Microsoft Teams with Sequent to Bring NT into Data Center

Microsoft Corp. and Sequent Computer Systems Inc. (www.sequent.com) signed a pact to move Windows NT into the data center. Under terms of the agreement, Microsoft and Sequent will work on systems that will support millions of transactions and terabytes of data in mission-critical environments.

The joint effort was formed as Sequent entered the second phase of its NUMACenter strategy. NUMACenter 2.0 offers mixed Windows NT and Unix manageability, serviceability and availability.

"NUMACenter is about being able to mix NT in the same environment as Unix and being able to run mission critical applications in one managed network, with a single point of management," says Jeff Pancottine, vice president of global marketing at Sequent.

The NUMACenter environment is a framework of hardware, middleware, diagnostic and management tools centered on a mixed mode Unix and Windows NT network. Parts that make up the framework include consolidation of Xeon-based Unix and Windows NT server nodes in a single cabinet, shared EMC storage and backup facilities, and single logon and access to Unix files and print queues from Windows desktops.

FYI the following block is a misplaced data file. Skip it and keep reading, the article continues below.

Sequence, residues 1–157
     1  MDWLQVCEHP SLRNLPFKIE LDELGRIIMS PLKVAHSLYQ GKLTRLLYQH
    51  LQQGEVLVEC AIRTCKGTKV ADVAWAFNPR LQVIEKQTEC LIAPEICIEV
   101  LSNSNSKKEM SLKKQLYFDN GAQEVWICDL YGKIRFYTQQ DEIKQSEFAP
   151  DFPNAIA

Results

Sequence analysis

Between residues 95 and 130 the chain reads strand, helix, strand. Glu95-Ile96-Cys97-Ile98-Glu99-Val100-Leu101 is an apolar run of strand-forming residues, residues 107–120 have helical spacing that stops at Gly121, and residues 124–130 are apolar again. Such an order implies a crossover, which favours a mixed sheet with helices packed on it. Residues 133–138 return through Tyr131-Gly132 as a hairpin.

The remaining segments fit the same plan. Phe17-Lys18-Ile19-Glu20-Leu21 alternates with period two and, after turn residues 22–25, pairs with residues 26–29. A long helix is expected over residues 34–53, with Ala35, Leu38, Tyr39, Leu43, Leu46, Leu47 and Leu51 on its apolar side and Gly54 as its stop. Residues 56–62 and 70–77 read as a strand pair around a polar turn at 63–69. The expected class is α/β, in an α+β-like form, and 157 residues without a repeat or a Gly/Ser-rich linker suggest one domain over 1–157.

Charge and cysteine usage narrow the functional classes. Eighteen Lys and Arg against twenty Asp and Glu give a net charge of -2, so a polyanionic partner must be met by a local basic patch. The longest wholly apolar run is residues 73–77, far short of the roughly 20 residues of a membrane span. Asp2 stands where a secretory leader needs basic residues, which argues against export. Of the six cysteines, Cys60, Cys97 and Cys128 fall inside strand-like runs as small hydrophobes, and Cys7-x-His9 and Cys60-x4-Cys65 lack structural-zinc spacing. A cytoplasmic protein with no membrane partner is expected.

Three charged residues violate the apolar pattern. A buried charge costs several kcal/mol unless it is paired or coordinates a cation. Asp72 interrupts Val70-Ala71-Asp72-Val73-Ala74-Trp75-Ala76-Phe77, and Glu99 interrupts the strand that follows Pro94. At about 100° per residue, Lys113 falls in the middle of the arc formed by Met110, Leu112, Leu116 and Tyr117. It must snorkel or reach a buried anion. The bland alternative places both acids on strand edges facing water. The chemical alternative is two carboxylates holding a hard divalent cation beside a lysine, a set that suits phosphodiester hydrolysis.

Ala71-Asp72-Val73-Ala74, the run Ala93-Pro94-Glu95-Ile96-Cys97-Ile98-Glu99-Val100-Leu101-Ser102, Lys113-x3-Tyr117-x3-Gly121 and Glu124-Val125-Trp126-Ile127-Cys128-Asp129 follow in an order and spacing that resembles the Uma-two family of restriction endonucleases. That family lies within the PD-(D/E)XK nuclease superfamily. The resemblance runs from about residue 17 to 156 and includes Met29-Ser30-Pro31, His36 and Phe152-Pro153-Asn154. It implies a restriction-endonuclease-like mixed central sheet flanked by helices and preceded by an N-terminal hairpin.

Sequent’s NUMACenter runs Windows NT Server at the application level and Unix at the database tier. According to Sequent, NUMACenter reduces the price-to-performance ratio by leveraging Windows NT and costing less than an all Unix data center.

"Most enterprise class applications still reside on Unix, but customers are increasingly looking at apps written in NT," says James Gruener, senior analyst at the Aberdeen Group (www.aberdeen.com). "NUMACenter provides a means to which customers can run an infrastructure through a centralized management interface."

The most significant update to the latest phase of Sequent’s strategy is the centralized management interface, the Advanced Detection Availability Manager (ADAM). ADAM is an interface for single point monitoring of storage area networks and mixed resources, including Windows NT and Unix quads, as well as all NUMACenter devices. Critical data also is concentrated through ADAM.

The final phase of the NUMACenter strategy, version 3.0, will be available when Intel Corp.’s IA-64 enters production. The most significant upgrade will be dynamic partitioning. Based on Intel’s IA-64 Merced chip, Sequent officials claim that NUMACenter 3.0 will be able to run either NT or Unix on any box.

"For Sequent, both the agreement with Microsoft and NUMACenter are part of a long-term strategy to help their customers adopt Microsoft products as they become more needed in the data center," says Aberdeen’s Gruener. "And now there is a role for NT in terms of how it plays in the data center."